Silver bottlenecks in the solar industry have been a major feature in our recent research, and across our work into silver. 30% of the patents in our sample focused on ways to displace silver out of PV modules. Updated conclusions on silver are in the data-file.

Key challenges for perovskite/tandem solar cells are also described in LONGi’s patents, and summarized in our LONGi technology review. But how much can we de-risk the solutions intended to overcome these challenges, and how much running room lies ahead?

Solar module production by company?

The world produced over 400GW of solar modules in 2023, which is up 10x from a decade ago. This data-file breaks down solar module production by company and over time, comparing the companies by solar module selling prices ($/kW), margins (%), efficiency (%), transparency, and technology development.


Solar modules are produced when photovoltaic silicon (model here, company screen here) is sliced into wafers, then processed into cells using semiconductor manufacturing techniques, and then finally combined with front contacts, encapsulants, frames, reinforced glass, backsheets and wiring (cost build-up here).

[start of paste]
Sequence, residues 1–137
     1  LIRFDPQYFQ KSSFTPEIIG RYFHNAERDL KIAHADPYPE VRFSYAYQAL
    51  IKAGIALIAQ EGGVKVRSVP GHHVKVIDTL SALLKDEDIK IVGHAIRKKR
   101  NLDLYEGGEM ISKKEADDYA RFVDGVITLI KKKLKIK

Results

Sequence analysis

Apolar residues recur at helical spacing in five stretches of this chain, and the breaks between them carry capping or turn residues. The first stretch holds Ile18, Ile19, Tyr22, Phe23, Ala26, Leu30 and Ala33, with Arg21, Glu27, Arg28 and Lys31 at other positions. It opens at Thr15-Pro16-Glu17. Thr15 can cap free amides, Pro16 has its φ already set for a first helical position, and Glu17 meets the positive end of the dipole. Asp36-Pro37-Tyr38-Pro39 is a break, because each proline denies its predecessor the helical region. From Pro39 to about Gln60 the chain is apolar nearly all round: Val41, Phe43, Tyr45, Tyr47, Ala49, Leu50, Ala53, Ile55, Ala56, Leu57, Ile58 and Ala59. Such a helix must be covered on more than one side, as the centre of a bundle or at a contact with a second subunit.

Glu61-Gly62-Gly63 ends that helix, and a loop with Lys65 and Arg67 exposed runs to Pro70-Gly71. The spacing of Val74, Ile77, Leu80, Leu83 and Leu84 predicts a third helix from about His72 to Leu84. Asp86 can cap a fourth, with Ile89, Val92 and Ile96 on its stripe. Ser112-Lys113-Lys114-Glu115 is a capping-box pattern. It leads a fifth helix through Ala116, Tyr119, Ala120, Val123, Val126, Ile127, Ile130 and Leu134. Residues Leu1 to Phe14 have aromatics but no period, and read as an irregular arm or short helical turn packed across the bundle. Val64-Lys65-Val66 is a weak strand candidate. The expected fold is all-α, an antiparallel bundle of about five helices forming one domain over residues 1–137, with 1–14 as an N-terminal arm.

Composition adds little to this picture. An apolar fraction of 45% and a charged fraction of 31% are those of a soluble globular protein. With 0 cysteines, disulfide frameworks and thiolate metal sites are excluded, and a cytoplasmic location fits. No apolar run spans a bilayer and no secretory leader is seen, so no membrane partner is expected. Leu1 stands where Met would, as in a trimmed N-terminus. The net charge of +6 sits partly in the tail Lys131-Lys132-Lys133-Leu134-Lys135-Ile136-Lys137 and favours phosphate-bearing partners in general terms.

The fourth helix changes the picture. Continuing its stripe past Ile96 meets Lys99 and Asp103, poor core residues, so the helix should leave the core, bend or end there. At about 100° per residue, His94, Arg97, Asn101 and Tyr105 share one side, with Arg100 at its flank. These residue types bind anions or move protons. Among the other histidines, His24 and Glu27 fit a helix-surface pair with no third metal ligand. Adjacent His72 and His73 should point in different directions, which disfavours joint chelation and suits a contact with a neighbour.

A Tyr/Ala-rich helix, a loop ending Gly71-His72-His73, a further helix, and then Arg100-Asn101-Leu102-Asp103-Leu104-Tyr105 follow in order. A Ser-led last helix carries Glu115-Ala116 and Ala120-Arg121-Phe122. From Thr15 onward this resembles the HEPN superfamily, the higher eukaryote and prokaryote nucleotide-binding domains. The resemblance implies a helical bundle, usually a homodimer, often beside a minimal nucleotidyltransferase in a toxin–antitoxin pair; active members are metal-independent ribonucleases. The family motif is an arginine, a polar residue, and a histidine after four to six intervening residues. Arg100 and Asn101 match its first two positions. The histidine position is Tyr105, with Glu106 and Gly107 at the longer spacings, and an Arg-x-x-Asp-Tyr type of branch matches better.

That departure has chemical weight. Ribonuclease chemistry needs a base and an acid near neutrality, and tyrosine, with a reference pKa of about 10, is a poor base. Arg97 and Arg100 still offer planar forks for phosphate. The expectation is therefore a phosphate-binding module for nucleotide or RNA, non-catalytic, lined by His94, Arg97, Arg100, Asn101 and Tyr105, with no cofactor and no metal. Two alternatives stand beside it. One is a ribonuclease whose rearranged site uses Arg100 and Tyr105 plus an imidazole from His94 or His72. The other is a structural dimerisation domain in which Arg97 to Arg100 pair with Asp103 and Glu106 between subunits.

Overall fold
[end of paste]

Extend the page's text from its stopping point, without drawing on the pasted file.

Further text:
Six Chinese companies (e.g., Longi, Trina) now produce two-thirds of the world’s solar modules, with 2023 output of 20-70GW each. Their growth has been enormous, ramping up by 7x in the past half-decade, and doubling their collective market share (chart below).

High levels of competition are shown by similar module selling prices across the companies in the screen ($/kW numbers in the data-file), and low EBIT margins (numbers also in the data-file by company).

The data also strongly imply that module shipments exceeded module sales in 2021-23, perhaps by as much as 5-10%, creating an overhang for the industry. The overhang was worst in 2021-22 and may have softened in 2023, as the excess was drawn down.

Hence 2023 was a terrible year for the solar industry, with many large PV module manufacturers seeing share price declines of 40-70%, due to interest rates and an overhang of modules, as the US and Europe imported 30-100% more modules than they deployed (chart below). Interestingly, companies with better reporting transparency were more resilient.